THE GOOD, BAD & UGLY OF IN-APP PURCHASES
In-app purchases, or more commonly known as IAPs, have been drawing a lot of ire in the world of smartphones and tablets recently. We can all agree that improperly done, IAPs can ruin an app or game experience. With more “Freemium” apps and games making the headlines than ever before (Electronic Art’s Dungeon Keeper Mobile anyone?), let’s take a look at the good, bad and ugly truths of IAPs.
There are a number of good things about in-app purchases. For starters, you get to play such games for free – and there are good ones like Tiny Death Star, Pixel People, Plant vs. Zombies, etc.
A successful IAP model allows consumers to dictate how much a developer makes off of them without hampering their ability to use said app or game. If you think the developer deserves some contribution for their efforts, you can give them money and they will give you something to make your experience more worthwhile. In theory, everyone wins.
For instance, in Clash of Clans, you can pick up a few hundred gems for a few bucks and get an extra builder. It is by no means necessary, but can drastically reduce the amount of time it takes to upgrade your base, plus it doesn’t affect the enjoyment for others.
IAP implementation is a delicate balance though, and many developers are either unable to find that sweet spot or deliberately ignoring it. Here are some ways developers are doing it wrong. Carpet bombing – Angry Birds GO Angry Birds GO is a well-done game that any casual gamer can enjoy but the experience is hindered by in-your-face premium features. After every race, gamers are asked if they want double coins forever; after a few races, your birds get tired and must rest, but you can pay real money to keep them going. Right next to the unlockable cars are the pay-only cars. Literally everywhere you go in the game, you will be hounded for money. In essence, the game carpet bombs you with IAP opportunities at every corner, and for many it ruins a genuinely enjoyable game underneath the nonsense. Money begging – Dungeon Keeper Mobile Unlike carpet bombing where the game constantly bombards you premium options of what you are missing by playing for free, this model slaps IAPs onto just about every single action you can take, effectively holding gameplay hostage unless you pay. Dungeon Keeper Mobile has been the latest target of criticism in this regard as the game becomes intensely difficult very early on; the only way to ease things is to spend. Since all IAPs deal with virtual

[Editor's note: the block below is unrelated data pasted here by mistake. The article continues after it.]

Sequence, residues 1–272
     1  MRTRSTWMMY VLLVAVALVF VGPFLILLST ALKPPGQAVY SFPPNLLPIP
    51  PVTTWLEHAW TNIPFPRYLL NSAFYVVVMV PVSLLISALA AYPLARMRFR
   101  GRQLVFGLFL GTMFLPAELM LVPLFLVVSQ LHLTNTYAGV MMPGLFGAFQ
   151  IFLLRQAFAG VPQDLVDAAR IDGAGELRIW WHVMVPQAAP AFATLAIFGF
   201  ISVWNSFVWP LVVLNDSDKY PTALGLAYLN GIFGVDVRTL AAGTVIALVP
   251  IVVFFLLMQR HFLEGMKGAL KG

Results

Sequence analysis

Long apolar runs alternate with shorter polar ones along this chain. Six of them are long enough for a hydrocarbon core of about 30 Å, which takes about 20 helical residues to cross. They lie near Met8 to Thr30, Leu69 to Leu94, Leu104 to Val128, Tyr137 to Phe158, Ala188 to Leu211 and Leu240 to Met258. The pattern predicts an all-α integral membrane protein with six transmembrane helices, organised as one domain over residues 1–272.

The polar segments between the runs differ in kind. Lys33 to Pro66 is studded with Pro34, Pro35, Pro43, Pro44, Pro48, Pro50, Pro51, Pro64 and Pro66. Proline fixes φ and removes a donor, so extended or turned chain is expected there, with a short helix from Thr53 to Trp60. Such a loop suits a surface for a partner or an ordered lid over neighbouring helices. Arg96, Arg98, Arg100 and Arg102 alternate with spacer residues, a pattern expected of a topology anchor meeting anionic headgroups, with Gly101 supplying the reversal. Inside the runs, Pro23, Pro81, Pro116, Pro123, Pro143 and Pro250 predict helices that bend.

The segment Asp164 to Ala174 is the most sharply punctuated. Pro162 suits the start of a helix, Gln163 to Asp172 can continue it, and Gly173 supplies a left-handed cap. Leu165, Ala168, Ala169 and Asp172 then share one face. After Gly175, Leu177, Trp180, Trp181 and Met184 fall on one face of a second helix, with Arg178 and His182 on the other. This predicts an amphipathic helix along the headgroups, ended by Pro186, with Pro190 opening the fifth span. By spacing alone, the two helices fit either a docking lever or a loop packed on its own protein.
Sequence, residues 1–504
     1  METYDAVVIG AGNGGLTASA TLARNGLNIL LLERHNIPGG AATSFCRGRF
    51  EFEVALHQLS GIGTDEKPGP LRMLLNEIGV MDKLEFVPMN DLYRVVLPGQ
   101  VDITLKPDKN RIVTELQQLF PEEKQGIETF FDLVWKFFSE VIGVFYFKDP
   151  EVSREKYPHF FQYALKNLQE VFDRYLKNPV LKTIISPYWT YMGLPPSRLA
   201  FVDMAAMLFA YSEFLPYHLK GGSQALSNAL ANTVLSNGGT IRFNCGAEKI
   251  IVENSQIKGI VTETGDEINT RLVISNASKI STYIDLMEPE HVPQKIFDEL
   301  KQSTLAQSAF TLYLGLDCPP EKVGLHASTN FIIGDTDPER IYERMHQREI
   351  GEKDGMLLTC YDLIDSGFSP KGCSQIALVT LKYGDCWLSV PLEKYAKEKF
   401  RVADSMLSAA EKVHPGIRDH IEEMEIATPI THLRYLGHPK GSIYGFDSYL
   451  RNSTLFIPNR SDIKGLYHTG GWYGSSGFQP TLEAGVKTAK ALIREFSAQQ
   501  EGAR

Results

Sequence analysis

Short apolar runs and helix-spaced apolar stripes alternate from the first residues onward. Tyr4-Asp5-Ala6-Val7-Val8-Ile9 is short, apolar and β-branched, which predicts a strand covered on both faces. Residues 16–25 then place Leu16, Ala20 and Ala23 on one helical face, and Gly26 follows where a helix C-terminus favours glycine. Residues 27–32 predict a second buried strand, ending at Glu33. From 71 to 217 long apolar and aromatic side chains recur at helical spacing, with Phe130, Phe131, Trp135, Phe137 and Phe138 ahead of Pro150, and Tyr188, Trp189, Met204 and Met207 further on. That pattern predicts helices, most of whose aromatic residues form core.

goods, consumers expect to at least receive a tangible reward or experience for spending money. In Dungeon Keeper Mobile’s instance, one can argue that you are prompted to spend money for no worthwhile returns at all.
The landscape for mobile apps and in-app purchases is very precarious right now. There are thousands of games and apps that do IAPs correctly but there are many more who are doing it very wrong – purposefully or not. Carpet bombing, forced payments, and lack of notification almost make such developers seem like con artists trying to steal a buck from their consumers. The worst part is the bad examples cast all IAPs in a negative light, leaving properly done IAPs open to criticism when they shouldn’t be.
The ugly truth is that IAPs are going nowhere. They offer a more stable and lucrative revenue stream than advertising ever has on any platform, and that includes PC and consoles (which have had IAPs available for years in the form of expansion packs and DLC).
Worse yet, even big developers are less bashful than ever when it comes to pandering for money. Even regular applications such as Timely can be highly offensive as they let you skirt the cost of the app if you spam your friends with invite codes. In short, it’s a giant mess.
Hanging in the Balance
There are many apps and games that have IAPs but still deliver amazing experiences. The mobile app market is no different from others in that it changes and adapts based on consumer purchasing trends. In short, if consumers refuse to download good apps because of IAPs, it’s going to make it all the more difficult for developers to find that balance that makes everyone happy. The balance must be struck, and it’s up to mature developers and consumers to lead the way in exemplifying what constitutes best practices – and put their money where their mouth is.